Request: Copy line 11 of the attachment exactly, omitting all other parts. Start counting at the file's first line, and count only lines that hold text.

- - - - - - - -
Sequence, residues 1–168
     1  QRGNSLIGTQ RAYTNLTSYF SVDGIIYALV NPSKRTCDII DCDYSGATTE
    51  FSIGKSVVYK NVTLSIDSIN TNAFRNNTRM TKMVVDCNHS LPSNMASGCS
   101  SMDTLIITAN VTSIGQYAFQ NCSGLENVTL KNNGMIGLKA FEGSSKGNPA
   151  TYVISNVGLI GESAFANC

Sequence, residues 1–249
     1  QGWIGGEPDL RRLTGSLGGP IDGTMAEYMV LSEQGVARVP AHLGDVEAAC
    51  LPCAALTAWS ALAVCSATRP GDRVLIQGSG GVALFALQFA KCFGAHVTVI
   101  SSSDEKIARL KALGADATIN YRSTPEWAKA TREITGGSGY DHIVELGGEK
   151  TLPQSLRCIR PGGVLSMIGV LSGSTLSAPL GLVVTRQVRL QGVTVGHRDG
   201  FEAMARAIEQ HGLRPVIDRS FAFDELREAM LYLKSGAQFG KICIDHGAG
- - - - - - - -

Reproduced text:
   201  FEAMARAIEQ HGLRPVIDRS FAFDELREAM LYLKSGAQFG KICIDHGAG